Okay, i know enough to handle the Python questions, so i'll do my best to answer them here.
On Wed, 5 Apr 2000, Jonathan S. Shapiro wrote:
> The reason is that in support of those lovely features, Python has got
> knowledge of lots of things built in to the runtime: sockets, networking,
> file systems, etc. etc.
One of the nice things about Python is that nearly all of the built-in functionality (and certainly the system-dependent parts of the built-in library) are all nicely partitioned into modules. You can tweak a simple setting in a "Setup" file to turn off compilation of any module, and basically pick and choose what subset of the standard library you want.
File objects are built-in. They depend on stdio. I can't think of any other system-dependent stuff that cannot be removed, off the top of my head, at the moment.
Modules written in C that come built-in, which you can turn off:
readline # GNU readline
pwd # Unix passwords grp # Unix groups
md5 # the hash algorithm sha # the hash algorithm rotor # enigma-style encryption new # magic for creating empty objects binascii # ascii-encoding helper parser # interface to Python parser cStringIO # strings-as-files cPickle # object serializer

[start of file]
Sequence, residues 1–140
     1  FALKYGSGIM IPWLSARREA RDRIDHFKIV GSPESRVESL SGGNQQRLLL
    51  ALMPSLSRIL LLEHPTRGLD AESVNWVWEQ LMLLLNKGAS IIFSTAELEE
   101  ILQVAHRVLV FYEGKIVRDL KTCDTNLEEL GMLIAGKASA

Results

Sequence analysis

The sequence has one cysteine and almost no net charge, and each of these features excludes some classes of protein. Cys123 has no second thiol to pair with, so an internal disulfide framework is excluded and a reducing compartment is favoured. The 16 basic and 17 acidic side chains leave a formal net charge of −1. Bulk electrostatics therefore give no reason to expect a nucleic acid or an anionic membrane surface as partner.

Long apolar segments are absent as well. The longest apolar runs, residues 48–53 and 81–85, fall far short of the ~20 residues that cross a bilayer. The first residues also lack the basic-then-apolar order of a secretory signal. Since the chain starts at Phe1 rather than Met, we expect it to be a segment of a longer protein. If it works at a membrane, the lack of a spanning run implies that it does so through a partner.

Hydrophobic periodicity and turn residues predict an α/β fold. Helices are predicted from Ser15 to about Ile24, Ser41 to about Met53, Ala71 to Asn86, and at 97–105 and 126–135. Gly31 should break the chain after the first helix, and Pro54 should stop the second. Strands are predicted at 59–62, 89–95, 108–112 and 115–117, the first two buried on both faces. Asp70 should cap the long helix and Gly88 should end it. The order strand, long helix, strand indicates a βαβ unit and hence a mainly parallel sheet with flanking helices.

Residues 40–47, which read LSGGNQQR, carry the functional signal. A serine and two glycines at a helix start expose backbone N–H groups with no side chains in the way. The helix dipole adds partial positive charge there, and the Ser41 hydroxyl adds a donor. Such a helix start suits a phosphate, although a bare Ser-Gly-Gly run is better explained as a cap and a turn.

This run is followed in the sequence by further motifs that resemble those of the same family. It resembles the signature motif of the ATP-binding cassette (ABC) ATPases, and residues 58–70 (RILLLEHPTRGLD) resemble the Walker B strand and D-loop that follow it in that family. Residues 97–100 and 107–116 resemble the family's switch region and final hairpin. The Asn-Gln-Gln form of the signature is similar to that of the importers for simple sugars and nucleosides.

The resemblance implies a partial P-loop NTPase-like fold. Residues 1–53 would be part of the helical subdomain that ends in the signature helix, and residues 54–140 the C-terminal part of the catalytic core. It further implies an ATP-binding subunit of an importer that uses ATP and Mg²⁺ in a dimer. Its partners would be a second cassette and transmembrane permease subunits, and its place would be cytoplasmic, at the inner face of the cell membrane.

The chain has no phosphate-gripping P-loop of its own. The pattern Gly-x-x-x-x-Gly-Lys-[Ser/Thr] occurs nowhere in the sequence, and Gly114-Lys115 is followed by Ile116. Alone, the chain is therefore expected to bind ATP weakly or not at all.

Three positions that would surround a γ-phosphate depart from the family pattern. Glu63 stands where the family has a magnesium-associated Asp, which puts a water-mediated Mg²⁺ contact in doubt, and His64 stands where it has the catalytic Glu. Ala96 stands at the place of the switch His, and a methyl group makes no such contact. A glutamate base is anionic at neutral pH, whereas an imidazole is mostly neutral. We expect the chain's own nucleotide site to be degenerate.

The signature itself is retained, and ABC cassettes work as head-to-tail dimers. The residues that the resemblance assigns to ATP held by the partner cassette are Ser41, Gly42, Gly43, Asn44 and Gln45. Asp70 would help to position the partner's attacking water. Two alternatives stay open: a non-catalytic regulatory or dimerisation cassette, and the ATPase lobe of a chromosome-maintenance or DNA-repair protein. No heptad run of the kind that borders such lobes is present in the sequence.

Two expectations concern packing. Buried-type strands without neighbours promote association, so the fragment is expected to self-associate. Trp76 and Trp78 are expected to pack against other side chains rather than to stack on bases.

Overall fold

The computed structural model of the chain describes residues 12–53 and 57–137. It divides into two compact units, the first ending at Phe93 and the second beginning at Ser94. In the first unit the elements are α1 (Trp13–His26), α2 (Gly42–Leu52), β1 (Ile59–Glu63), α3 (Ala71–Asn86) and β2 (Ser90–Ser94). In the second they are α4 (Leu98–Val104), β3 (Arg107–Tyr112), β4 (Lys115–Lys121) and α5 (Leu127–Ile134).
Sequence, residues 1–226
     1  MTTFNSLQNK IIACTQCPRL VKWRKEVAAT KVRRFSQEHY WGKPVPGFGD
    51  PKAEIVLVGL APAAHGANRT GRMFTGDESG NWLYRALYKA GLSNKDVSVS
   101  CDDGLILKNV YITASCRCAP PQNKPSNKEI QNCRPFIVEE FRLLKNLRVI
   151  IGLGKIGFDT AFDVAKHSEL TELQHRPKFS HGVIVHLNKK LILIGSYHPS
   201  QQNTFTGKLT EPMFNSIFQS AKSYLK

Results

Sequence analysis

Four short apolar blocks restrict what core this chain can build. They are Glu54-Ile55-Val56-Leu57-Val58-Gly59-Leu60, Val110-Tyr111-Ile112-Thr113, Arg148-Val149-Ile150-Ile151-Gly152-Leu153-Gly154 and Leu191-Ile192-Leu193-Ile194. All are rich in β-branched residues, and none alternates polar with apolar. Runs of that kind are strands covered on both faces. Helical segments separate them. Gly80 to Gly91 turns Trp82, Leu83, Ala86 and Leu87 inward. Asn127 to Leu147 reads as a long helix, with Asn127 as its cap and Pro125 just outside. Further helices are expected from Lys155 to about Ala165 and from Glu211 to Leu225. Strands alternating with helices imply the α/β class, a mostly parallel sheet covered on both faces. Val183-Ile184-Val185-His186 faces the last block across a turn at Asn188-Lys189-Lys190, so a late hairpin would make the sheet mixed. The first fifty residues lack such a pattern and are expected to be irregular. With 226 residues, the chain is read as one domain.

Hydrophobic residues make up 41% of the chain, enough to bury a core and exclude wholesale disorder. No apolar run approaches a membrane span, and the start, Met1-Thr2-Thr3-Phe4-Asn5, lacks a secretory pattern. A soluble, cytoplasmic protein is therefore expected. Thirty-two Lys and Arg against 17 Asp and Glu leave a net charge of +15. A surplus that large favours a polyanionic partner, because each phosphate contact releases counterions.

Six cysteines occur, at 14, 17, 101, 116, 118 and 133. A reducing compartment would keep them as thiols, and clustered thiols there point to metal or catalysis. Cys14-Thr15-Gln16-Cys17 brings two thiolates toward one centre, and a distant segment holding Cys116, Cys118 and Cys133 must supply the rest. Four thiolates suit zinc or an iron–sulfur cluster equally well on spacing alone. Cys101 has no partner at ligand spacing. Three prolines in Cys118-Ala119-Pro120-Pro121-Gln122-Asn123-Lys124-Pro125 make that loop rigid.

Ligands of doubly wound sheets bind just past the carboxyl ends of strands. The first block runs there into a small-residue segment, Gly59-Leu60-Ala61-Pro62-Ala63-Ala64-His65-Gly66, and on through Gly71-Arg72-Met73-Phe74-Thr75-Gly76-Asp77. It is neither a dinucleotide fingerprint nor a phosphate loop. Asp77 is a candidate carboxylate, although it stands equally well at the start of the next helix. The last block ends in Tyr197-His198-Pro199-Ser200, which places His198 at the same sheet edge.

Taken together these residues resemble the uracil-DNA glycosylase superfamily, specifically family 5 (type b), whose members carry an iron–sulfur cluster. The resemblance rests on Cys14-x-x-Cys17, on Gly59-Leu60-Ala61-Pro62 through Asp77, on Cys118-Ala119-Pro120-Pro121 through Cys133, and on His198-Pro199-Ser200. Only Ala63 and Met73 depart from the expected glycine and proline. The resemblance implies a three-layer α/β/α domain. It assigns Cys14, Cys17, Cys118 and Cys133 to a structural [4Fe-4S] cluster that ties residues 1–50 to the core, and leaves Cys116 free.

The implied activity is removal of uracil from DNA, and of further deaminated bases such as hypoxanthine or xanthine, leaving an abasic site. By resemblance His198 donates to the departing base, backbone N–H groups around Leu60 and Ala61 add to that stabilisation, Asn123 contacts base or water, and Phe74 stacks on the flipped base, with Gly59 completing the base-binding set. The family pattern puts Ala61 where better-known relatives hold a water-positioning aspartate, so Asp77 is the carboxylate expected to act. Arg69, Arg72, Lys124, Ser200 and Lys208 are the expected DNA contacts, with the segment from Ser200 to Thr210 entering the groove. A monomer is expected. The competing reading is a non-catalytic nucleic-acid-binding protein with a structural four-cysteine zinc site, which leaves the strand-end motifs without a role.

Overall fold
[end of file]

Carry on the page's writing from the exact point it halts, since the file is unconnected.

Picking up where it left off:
> 1. How easy is it to build a python without ANY networking support?
Very easy. Turn off the "socket" module and i think you're basically done.
> 2. Is Python suitable for use on the server-side of a high-load service?
Python doesn't have blazing performance. However, since most of the time network servers seem to be bandwidth-bound rather than CPU-bound, i think it's still okay to use Python as a server.
The Medusa server (the main server behind Zope, a popular application server -- see http://www.zope.org/) is written entirely in Python, and gets its speed from doing everything in a single thread instead of forking. See http://www.nightmare.com/medusa/ for info on Medusa.
"Computers are the tools of the devil. It is as simple as that. There is no monotheism strong enough that it cannot be shaken by Unix or any Microsoft product. The devil is real. He lives inside C programs." -- email@example.com